How long is the PCT really?

Easy, 2,650 Miles, right? Well… not quite.
The question of the PCT’s length comes up often, with guidebooks, phone apps, and other sources across the internet offering varying figures. In recent years, PCTA has come a long way in better tracking and calculating distance. While we regularly reference the rounded figure of 2,650 miles as shorthand for the trail’s length, our current best estimate places it at approximately 2655.8 miles. It’s complicated because the length actually varies year by year, and homing in on highly accurate mileage for a trail that spans thousands of miles can pose significant challenges. We know that trail mileage matters a lot to PCT trail users. Read on to discover some of the complexities involved in determining the true length of the PCT.

Northern Terminus, Photo by: Ryan Weidert

It Moves!

Sometimes, the trail gains a mile or two, or sometimes, the trail shaves off miles (you’re welcome thru-hikers!) You might be thinking… how does this happen, isn’t the trail already on the ground? While true, PCTA, alongside managing agencies and dedicated trail crews, continually refines and optimizes the trail’s route. These efforts range from minor adjustments to larger-scale relocation projects aimed at enhancing the overall trail experience. For instance, routine maintenance often involves realigning sections of the trail to improve sustainability, such as adding switchbacks or adjusting trail tread within the existing corridor. These alterations might end up making the trail a bit longer or shorter, typically on the order of hundreds of feet. Pretty small potatoes when looking at a trail that crosses thousands of miles. Other times, the PCT undergoes bigger relocation projects based on a process called Optimal Location Reviews (OLR). These relocations can be significant and can take years to complete. These projects aim to relocate the PCT to a location better suited to providing a natural setting, scenic beauty, and safe public access, among other things. As a result of these projects, the trail’s length may fluctuate by several miles. But they also end up making the trail safer and more enjoyable for all.

The Sierra Buttes Relocation – Old decommissioned PCT shown in dashed black line, current PCT in maroon.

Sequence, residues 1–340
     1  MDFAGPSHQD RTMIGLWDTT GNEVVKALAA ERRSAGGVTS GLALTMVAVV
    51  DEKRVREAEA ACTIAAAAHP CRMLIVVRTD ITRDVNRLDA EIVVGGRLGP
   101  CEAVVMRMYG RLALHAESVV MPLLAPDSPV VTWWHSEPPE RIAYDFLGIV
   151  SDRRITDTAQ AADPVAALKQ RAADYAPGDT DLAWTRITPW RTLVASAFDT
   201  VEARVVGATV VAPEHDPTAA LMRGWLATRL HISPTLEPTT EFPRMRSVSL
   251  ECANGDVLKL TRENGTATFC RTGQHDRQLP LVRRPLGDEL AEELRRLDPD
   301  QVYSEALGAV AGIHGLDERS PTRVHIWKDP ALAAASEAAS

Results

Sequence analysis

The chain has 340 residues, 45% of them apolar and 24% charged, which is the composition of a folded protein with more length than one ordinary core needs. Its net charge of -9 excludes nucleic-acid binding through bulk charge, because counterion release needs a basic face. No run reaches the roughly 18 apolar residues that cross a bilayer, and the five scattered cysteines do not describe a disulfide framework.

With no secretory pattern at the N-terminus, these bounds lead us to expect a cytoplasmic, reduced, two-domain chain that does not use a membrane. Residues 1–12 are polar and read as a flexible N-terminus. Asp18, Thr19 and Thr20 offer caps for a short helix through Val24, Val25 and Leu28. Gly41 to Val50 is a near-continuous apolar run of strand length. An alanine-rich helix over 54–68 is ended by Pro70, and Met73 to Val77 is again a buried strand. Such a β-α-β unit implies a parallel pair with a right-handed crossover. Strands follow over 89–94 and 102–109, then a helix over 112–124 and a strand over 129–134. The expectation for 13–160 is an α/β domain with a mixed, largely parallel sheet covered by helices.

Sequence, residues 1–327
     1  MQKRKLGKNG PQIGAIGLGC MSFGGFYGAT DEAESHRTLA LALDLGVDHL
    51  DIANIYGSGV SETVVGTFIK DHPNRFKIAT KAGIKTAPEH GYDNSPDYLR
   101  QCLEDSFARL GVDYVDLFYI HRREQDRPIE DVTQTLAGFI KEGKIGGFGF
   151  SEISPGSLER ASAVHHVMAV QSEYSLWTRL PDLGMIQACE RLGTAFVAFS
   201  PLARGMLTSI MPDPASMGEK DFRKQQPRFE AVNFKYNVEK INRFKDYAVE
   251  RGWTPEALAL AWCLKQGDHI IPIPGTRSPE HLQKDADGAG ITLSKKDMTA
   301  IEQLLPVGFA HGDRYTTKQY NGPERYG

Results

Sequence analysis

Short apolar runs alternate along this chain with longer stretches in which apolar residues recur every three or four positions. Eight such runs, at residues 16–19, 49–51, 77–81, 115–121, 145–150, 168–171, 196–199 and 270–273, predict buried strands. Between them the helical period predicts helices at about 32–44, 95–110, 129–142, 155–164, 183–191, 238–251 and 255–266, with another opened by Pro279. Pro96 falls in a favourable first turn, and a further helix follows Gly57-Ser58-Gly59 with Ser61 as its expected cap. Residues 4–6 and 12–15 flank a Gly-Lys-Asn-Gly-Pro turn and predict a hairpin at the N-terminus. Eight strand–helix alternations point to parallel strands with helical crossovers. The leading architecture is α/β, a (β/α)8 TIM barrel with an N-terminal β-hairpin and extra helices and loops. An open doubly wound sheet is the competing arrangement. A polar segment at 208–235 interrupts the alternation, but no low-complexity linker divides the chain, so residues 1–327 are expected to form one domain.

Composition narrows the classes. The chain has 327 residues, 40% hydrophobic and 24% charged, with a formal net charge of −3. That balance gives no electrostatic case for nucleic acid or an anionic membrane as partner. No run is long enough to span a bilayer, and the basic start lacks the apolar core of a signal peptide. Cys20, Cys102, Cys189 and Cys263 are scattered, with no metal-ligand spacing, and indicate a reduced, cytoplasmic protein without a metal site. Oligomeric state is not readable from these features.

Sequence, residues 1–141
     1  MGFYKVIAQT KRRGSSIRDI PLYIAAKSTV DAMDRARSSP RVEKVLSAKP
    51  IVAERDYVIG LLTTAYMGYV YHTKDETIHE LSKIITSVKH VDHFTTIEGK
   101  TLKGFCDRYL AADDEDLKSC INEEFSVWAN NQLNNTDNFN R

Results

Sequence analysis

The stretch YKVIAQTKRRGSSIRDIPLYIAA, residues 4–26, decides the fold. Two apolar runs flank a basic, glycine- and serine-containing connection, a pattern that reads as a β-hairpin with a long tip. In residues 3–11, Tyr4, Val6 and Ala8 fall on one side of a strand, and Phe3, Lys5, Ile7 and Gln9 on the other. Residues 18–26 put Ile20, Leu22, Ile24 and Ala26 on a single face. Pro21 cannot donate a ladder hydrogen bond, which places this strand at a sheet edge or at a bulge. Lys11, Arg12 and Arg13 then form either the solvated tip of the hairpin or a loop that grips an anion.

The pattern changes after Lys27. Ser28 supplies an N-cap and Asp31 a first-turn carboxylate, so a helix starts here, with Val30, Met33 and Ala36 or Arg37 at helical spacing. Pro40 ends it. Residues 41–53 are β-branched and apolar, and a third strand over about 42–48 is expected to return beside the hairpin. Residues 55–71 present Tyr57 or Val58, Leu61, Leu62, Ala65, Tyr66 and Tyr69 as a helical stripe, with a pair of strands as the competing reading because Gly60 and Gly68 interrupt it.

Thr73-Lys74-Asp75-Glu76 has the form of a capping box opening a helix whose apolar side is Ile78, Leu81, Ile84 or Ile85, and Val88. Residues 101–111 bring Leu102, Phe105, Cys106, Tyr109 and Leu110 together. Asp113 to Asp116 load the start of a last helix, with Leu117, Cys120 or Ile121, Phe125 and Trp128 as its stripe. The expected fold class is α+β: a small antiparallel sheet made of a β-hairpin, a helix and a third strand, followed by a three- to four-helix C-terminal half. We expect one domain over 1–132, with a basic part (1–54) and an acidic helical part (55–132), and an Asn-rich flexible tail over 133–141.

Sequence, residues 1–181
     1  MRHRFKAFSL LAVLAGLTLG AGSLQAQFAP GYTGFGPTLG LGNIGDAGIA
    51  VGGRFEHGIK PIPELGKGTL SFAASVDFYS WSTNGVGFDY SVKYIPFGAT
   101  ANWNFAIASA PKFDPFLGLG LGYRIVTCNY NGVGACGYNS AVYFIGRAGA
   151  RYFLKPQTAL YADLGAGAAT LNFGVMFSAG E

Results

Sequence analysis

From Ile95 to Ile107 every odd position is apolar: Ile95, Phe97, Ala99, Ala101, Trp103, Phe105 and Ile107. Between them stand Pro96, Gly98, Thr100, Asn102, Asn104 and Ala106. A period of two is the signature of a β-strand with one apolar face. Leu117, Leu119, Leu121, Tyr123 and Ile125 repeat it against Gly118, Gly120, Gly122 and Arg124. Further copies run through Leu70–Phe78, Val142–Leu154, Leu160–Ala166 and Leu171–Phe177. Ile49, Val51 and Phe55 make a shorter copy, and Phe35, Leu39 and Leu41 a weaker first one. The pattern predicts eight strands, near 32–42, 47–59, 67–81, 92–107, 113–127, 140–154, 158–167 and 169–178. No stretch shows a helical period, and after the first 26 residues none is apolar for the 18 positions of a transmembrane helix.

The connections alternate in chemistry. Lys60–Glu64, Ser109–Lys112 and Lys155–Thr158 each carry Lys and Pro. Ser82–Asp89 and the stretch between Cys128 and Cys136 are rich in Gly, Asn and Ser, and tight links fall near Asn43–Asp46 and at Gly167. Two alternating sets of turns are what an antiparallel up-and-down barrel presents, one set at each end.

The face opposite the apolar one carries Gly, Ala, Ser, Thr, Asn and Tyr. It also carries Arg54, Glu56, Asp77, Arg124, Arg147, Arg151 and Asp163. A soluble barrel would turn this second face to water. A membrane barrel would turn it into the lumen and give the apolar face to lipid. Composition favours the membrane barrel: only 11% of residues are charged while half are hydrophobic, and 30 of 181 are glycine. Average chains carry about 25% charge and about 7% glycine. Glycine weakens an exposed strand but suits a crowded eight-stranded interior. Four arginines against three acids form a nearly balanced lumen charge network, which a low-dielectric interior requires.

What’s so hard about miles?

Calculating distance across such a large geographic extent is challenging. Even minor inaccuracies that are repeated hundreds of thousands of times compound errors, resulting in significant discrepancies in overall mileage. For example, if each point in our PCT dataset were off by 1ft, the margin of error would be over 200 miles. Additionally, the translation from a three-dimensional Earth to a two-dimensional map necessitates “projecting” data in GIS (Graphical Informational System) software, which can introduce different types of accuracy loss. However, advancements in technology offer us promising avenues for improvement, such as using LiDAR (laser scans of the earth) to more precisely capture and map changes to the trail.

A little bit about the data

PCTA’s current iteration of PCT mapping data is built upon data that was donated to the organization from the Halfmile Project. You may have heard of Halfmile, he and his team are kind of a big deal. The resulting data from this project’s multi-year effort was the best, most accurate data for the PCT of its time. Volunteers in the project mapped thousands of miles of trail with survey-grade custom and commercial GPS units and spent tremendous amounts of time analyzing, processing, and curating the results.

Halfmile, using his iPhone to control the Long Distance Geo Logger. The blue GPS unit is in the lower black side pocket of his pack. You can see coiled cable right above it.

Building on this legacy, PCTA now builds upon that same highly accurate data from Halfmile, revised to account for re-routes and trail reconstruction that have happened since PCTA assumed control of the data. We maintain our PCT Centerline (the line data for the trail’s location) and Mile Markers (points every tenth or half mile), with new versions released on an annual basis, usually in January. The data is displayed on our Interactive Map and made available on our PCT Data webpage, freely available for download in a variety of formats. By fostering an environment of transparency and accessibility, we empower trail users, app developers, and agency partners alike to utilize this standardized dataset, facilitating seamless communication and navigation along the trail.

Graceland takes an emotional moment at the Northern Terminus after an adventure of a lifetime. Photo by: James Townsend


As we continue to monitor changes, refine our modeling of the PCT, and offer it to users in new ways, we realize that our data remains imperfect. Digitally representing the complexities of the natural world always is. Despite this, the Association’s renewed prioritization of data management, built upon the invaluable foundation set by the Halfmile project, marks significant progress in this work. We recognize that our path toward data accuracy is ongoing and that we’re by no means at the finish line (approx. 2,655.8 😊), but we’re always improving, collaborating, and working to celebrate the intricacies of the PCT in this unique aspect of our work.

For any questions or comments, please contact me at [email protected]